For many of us across Europe, pandemic lockdown #2 has been underway for a few weeks. In the UK, events and races have been cancelled, and commercial gyms and leisure centers are closed until at least early December.
Fortunately, in London, curfews and strict restrictions limiting outdoor activities (for cycling, running and walking at least) are not in place, and for many people life and business continues as usual, with a few nips and tucks on socialising and social distancing. For others, absent from the hubbub of normal daily activities, losing fitness and gaining weight is an issue, and there’s a word for it: “Coronaspeck.”
Coronaspeck, roughly translates from German to English as “corona fat”, or “corona bacon,” and the problem is so widespread that in July 2020, the UK government launched an initiative to reduce obesity, with junior health minister Helen Whatley telling BBC Radio 4’s Today programme that obesity is a “huge health challenge”, with two-thirds of adults overweight or obese; and prime minister Boris Johnson recommending starting the day by going for a run as “nothing could be worse for the rest of the day.”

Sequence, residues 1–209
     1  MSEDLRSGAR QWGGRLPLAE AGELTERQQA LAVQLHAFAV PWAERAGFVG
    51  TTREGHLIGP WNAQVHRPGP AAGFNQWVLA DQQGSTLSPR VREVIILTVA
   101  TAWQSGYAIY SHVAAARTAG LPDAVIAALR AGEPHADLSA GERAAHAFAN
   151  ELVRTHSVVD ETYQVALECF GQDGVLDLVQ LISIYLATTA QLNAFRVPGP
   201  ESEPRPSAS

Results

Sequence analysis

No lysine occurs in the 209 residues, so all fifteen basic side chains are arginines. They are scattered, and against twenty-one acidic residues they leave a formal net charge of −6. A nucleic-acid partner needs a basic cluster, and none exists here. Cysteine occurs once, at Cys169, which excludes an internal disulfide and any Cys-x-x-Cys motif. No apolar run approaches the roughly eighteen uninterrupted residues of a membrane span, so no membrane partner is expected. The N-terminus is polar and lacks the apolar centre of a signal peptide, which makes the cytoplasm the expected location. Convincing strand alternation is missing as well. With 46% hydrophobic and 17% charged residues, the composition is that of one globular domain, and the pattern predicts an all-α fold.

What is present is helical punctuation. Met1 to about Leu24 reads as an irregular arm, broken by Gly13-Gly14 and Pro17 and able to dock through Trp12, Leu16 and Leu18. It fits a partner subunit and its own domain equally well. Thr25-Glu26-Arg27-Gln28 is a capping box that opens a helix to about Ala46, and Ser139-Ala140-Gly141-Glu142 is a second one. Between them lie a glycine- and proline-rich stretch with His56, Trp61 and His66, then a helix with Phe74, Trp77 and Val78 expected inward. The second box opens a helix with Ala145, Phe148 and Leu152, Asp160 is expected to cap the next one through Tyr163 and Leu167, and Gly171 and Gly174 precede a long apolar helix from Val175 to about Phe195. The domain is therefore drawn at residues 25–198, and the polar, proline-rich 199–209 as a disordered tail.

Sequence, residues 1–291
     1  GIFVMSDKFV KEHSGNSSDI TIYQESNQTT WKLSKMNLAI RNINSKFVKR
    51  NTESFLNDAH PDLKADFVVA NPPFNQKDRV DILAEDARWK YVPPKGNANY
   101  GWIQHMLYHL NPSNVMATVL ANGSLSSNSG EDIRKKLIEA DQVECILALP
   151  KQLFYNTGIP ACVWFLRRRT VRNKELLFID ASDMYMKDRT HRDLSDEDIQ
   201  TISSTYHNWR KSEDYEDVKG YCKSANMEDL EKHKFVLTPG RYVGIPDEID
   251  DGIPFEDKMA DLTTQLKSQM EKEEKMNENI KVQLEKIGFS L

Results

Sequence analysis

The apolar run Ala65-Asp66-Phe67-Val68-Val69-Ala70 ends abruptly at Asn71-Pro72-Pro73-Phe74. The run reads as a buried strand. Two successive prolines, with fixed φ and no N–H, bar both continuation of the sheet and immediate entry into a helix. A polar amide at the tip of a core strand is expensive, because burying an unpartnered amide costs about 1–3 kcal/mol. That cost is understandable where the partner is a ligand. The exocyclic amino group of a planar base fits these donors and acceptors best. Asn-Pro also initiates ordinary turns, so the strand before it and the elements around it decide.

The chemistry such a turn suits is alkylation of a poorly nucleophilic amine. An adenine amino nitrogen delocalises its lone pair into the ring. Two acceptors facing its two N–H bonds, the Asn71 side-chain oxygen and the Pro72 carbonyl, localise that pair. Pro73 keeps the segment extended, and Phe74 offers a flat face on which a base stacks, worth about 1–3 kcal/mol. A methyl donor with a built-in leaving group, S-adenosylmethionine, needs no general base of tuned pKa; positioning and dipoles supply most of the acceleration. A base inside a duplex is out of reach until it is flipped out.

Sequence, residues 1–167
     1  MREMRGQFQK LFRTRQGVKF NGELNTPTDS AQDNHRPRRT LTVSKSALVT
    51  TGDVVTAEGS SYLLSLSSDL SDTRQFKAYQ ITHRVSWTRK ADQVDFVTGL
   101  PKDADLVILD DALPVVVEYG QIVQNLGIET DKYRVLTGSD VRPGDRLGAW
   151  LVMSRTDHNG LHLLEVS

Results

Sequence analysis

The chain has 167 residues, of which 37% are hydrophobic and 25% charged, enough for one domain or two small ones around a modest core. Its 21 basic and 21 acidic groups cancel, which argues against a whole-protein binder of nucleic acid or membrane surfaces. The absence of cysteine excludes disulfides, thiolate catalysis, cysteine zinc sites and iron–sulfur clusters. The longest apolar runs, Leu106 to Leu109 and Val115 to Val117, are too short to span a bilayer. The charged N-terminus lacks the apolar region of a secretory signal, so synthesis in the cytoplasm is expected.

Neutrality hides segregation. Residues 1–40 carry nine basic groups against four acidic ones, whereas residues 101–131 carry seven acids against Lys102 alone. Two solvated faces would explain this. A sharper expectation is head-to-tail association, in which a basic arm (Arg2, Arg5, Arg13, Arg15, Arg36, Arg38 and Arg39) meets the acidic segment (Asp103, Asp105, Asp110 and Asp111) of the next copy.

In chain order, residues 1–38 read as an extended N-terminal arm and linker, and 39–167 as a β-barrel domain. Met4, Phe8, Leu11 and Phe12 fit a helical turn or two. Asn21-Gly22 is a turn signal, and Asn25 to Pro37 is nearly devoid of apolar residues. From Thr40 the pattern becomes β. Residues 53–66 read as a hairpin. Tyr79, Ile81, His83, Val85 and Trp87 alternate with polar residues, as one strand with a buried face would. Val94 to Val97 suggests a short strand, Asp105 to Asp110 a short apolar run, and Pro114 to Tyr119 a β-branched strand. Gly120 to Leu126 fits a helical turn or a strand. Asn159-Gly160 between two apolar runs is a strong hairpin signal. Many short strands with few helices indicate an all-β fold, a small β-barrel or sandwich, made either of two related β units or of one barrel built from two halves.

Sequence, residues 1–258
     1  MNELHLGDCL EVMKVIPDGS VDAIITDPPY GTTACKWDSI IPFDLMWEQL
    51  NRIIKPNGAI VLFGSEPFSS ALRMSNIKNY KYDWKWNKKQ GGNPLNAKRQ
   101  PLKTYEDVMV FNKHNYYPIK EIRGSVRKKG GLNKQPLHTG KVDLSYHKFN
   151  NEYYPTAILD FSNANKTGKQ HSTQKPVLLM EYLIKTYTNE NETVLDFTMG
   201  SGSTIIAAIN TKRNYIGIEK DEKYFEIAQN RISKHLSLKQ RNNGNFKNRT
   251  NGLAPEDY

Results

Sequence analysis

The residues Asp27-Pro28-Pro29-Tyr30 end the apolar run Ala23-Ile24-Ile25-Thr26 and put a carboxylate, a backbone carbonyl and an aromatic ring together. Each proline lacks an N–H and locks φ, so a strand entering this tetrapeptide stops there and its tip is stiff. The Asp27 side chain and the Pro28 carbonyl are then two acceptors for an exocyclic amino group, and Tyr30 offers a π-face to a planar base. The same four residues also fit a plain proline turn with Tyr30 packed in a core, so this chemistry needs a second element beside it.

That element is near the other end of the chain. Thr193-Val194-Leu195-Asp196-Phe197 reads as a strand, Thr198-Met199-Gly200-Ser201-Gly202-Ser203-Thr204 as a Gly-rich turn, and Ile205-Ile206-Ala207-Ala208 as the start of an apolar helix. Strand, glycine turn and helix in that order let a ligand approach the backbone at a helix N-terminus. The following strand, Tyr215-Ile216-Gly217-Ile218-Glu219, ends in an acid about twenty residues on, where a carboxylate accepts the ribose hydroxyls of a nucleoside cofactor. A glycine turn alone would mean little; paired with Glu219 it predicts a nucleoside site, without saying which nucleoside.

Given that British farmers get around £3.4 billion a year in subsidies under the EU’s Common Agricultural Policy (CAP); the UK government department for Environment, Food & Rural Affairs (DEFRA) is responsible for delivering the basics of life – food, water and air, in sufficient quantities and to a quality standard; and that government initiatives to reduce obesity are not new – Public Health England launched a campaign in March 2018 to reduce 20% of calories in popular foods by 2024, and in August 2016, the ‘Childhood obesity: a plan for action,’ was launched to reduce the prevalence of childhood obesity. It is hard to believe that the UK has a huge health challenge, and worse still that food banks across the UK are reported to be distributing six parcels every minute and many school kids experience child food poverty.
Aligning the coronavirus pandemic with an obesity epidemic while not addressing issues related to livestock and agricultural sectors sustained by subsidies, the necessity of food banks and child food poverty, may not be a recipe for healthier choices or motivate the nation to start the day by going for a run.